Tuesday, May 19, 2015
Genealogy on Facebook
I am finally seeing some significant movement away from Facebook.com. For some time, it has appeared as if Facebook would become like a massive black hole sucking everything into its clutches. I noticed the glimmer of escape when most of my family started using Instagram.com more than Facebook. This is not to say that my Facebook traffic has slowed down any lately, in fact the opposite is true. If anything, Facebook traffic has increased and in some cases dramatically. But change is in the wind.
A short time ago, there were a number of comments and features in the news stream about Facebook adding "real time" news. You can now subscribe to just about any TV station, newspaper or other "news" outlet and receive immediate, instantaneous news update right on your Facebook feed, for example, the New York Times Facebook page shown above. This is a less that subtile transition from a "social networking" environment to a data supplier environment. Wait, how will we know about the latest cute cat video? Never fear. Facebook isn't going anyplace, but it is expanding into areas that can only peripherally be considered to be "social networking." The distinction between the results of a search from Google and a search on Facebook are becoming less distinct.
Some time ago, I wrote about a movement I detected in the genealogical community to move from formal blogs to posts on Facebook. Several prominent genealogists have decisively moved onto the Facebook stage in a dramatic way and accumulated thousands of followers (friends etc.). Some of them are combining a major presence on Facebook with other networking outlets such as webinars or similar online broadcasts. One of the most successful of these Facebook genealogy outlets is Tracing the Tribe, Jewish Genealogy, moderated by Schelly Talalay Dardashti with over 7,600 members. Shelly is also one of the bloggers that has moved her primary emphasis away from blogging to be on Facebook. Some Facebook personalities are still trying to maintain their blogs.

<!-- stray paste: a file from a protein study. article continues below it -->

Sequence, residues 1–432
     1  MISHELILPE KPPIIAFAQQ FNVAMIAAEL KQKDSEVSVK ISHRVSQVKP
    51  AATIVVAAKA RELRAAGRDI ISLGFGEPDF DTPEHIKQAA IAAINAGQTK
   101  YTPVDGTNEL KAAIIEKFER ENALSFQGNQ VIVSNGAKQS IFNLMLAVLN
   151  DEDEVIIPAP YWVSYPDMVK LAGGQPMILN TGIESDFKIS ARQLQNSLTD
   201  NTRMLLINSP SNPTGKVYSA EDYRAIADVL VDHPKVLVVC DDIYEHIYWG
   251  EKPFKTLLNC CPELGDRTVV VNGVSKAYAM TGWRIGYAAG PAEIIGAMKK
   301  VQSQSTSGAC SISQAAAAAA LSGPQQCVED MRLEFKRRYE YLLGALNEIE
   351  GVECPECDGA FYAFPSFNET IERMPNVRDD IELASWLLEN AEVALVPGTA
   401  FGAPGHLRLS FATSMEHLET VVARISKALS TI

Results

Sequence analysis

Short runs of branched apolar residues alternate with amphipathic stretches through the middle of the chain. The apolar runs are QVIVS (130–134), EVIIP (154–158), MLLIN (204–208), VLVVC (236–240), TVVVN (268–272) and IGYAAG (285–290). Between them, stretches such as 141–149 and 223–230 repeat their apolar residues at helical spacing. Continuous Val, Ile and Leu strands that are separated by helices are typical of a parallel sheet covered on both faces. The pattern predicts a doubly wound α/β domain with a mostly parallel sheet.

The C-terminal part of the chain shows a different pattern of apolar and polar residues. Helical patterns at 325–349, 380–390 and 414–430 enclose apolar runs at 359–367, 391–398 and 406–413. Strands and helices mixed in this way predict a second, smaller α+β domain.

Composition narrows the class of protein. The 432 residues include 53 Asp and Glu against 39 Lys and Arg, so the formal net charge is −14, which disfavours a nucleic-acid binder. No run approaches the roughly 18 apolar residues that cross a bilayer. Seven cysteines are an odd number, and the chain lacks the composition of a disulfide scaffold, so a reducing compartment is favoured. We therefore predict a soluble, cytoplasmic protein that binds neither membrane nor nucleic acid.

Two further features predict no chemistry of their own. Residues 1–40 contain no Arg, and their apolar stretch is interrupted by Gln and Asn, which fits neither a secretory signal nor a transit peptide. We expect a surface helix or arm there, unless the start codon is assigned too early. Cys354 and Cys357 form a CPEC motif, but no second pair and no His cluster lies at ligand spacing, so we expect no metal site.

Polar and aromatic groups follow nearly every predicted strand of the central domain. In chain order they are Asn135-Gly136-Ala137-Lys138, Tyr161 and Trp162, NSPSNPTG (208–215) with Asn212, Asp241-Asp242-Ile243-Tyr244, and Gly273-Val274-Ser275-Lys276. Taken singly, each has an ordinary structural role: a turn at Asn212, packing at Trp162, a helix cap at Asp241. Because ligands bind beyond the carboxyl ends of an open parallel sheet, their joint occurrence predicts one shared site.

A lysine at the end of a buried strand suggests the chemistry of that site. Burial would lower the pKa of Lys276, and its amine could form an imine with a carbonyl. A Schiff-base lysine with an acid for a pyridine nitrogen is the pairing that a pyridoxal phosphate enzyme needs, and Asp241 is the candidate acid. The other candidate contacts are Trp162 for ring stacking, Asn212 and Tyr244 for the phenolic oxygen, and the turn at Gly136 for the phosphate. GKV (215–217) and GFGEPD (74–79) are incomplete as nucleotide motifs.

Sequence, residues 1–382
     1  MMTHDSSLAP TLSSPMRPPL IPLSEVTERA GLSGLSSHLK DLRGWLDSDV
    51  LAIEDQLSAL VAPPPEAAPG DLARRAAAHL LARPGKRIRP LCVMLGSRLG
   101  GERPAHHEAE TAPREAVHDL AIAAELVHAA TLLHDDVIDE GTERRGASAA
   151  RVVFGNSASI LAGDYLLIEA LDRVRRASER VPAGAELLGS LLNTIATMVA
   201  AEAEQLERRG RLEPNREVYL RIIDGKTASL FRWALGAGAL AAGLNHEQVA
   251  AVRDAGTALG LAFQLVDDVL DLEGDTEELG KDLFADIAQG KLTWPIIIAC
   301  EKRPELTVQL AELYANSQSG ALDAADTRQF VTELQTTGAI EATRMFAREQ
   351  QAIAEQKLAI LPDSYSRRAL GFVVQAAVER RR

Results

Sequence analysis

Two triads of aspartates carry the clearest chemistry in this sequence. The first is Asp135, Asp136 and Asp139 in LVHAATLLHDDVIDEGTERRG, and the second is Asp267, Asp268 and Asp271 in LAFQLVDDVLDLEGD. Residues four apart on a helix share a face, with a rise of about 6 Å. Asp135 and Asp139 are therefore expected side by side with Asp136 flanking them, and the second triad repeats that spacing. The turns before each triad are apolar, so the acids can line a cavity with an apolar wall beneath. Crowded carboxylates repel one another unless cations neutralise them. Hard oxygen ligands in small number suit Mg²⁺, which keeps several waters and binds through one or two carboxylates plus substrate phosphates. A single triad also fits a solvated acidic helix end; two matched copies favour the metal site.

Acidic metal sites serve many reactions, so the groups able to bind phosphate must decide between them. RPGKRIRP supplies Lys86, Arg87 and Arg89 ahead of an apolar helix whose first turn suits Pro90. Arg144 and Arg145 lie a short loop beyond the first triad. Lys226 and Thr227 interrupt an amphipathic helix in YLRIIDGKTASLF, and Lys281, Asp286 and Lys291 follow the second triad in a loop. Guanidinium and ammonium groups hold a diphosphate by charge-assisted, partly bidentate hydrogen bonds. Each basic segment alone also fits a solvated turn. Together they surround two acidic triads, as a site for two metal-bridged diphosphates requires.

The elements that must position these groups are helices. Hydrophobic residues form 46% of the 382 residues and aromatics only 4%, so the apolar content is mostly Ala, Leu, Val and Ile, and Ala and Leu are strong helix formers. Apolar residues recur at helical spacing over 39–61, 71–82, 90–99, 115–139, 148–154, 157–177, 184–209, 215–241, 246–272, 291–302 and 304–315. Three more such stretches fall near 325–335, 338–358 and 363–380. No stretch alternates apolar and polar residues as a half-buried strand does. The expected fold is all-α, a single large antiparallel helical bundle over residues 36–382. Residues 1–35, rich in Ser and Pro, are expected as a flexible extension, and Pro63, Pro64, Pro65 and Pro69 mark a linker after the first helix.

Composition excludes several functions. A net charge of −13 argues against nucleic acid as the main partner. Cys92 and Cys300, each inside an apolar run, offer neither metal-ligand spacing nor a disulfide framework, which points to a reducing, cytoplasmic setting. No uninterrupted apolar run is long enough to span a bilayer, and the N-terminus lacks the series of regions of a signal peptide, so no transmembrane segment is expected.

There is a difference between moving to Facebook and merely posting notices of blog posts on Facebook. You might have noticed that everything I publish in my blog gets posted to a variety of social networking websites, including Facebook.com, Twitter.com and Google+. But there is a difference between having a presence on Facebook and running a Facebook dominated outlet. Blog posts are generally substantial. Most Facebook posts are short, concise and usually link to another item. There is not a lot of introspection and analysis on Facebook (yet?). I am certainly not predicting the demise of blogs, they are here to stay, but I am noticing that there are some significant trends in the Internet dominated communications area.
One thing I have noticed in the past few weeks is a dramatic decline in the number and variety of blog posts from the genealogical community. I monitor over 300 genealogy related blogs every day. In the not-to-distant past, two or three months ago, it was not unusual for me to have over 200 new posts almost every day. Today, for example, I have gone hours with only one new post. My guess is that blog readers are abandoning the content of blogs for the news bites on Facebook and other social networking venues.
At some point, if my own readership drops off, I guess I will have to evaluate what is happening and move to the new venue. I am already on Instagram with my family. I have yet not decided whether to go public with Instagram. I have been on Facebook for a very long time, but I am not yet ready to move completely to another format. If it matters, I have a lot to say and venues such as Facebook do not give much in the way of substance even with the addition of the news. Time will tell.